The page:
NTSB Identification: LAX99IA072.
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Nonscheduled 14 CFR (D.B.A. MIAMI AIR INTERNATIONAL )
Incident occurred Tuesday, January 05, 1999 in PHOENIX, AZ
Probable Cause Approval Date: 06/21/2000
Aircraft: Boeing 727-225A, registration: N804MA
Injuries: 180 Uninjured.
NTSB investigators used data provided by various sources and may not have traveled in support of this investigation to prepare this aircraft incident report.
During takeoff, a passenger in row 32 saw the rear cargo door open as the airplane rotated and notified a flight attendant, who immediately advised the cockpit. The flight crew heard and felt bangs and airframe vibrations, declared an emergency, and returned for a landing without incident. Airport fire personnel saw the cargo door open 90 degrees and the handle to be in or flush with the door as it stopped on the runway. Crew interviews established that the airplane was late being repositioned to the loading area for a scheduled 0830 departure and arrived there at 0800. The captain said the flight engineer was hustling to finish his duties before departure, and after that he performed his final walk-around, which included checking the cargo doors, there were no cargo door lights on the annunciator panel. The captain said that the load manifest showed 172 passengers; 168 passengers were already on the airplane and 2 others arrived late. The ground handlers gave him a final count of 202 bags loaded in the cargo compartments before the late arriving passengers. The ground handling company stated they were positive they loaded a total of 202 bags onboard the airplane, although 5-6 bags were loaded just before the aircraft left. A postincident bag count revealed that there were 208 bags onboard the airplane. The ground handling company said that they were not rushed while working the airplane. With the handle closed, the door will not close flush with the doorframe. The aft cargo door proximity switch was tested and contamination was found between contact terminals; however, no determination could be made whether it would cause an indication anomaly on the annunciator panel. The cargo door open warning light and circuit functioned normally during postincident functional tests. According to the airline's Flight Operations Manual, the flight engineer is responsible for supervising the loading of the aircraft and ensuring that all doors are properly closed and locked.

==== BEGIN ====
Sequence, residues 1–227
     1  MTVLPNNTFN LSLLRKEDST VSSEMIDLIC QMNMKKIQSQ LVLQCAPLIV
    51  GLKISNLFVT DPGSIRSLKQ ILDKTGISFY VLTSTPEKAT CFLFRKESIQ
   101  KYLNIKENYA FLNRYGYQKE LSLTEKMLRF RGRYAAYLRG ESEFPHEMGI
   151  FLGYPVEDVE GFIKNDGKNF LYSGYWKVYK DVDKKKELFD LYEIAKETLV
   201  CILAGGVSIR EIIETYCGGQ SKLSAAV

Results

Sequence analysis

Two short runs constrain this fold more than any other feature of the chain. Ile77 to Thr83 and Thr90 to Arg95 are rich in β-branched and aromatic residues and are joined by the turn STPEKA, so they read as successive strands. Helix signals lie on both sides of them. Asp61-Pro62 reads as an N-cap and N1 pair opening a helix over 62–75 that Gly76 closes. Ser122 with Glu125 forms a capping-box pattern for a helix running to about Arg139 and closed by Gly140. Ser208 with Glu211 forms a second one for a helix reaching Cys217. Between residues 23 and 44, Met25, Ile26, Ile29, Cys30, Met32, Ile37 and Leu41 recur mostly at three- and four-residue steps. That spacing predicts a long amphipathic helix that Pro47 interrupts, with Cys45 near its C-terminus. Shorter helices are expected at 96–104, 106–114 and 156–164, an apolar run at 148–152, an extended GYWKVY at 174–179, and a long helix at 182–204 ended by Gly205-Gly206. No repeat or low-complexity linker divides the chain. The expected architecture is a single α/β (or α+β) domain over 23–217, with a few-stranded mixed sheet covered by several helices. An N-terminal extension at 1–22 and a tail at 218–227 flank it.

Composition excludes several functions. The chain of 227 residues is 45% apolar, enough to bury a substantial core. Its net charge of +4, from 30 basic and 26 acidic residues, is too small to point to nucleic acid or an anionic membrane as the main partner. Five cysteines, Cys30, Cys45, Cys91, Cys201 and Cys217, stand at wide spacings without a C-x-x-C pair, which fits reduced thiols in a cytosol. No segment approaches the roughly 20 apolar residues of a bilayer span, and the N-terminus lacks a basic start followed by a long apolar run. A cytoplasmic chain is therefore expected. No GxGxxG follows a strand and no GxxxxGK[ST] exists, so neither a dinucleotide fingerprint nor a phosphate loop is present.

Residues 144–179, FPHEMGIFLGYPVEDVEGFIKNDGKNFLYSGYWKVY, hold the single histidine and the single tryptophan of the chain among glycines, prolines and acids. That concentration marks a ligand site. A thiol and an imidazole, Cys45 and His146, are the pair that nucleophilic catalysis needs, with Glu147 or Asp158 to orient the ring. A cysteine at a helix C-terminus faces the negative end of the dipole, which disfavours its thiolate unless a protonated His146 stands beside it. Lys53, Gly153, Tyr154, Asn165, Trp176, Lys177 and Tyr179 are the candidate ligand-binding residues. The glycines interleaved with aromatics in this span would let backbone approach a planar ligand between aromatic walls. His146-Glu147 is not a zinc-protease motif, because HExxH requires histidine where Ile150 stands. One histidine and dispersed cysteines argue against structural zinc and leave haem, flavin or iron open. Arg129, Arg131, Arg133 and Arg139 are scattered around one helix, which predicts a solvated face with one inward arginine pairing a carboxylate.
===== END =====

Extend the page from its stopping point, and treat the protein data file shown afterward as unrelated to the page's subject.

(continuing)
The National Transportation Safety Board determines the probable cause(s) of this incident to be: The failure of the ground handling personnel to properly secure the aft cargo door following the loading of the late arriving baggage. A factor in the incident was an intermittent cargo door warning light circuit due to contamination in the proximity switch terminals. Full narrative available
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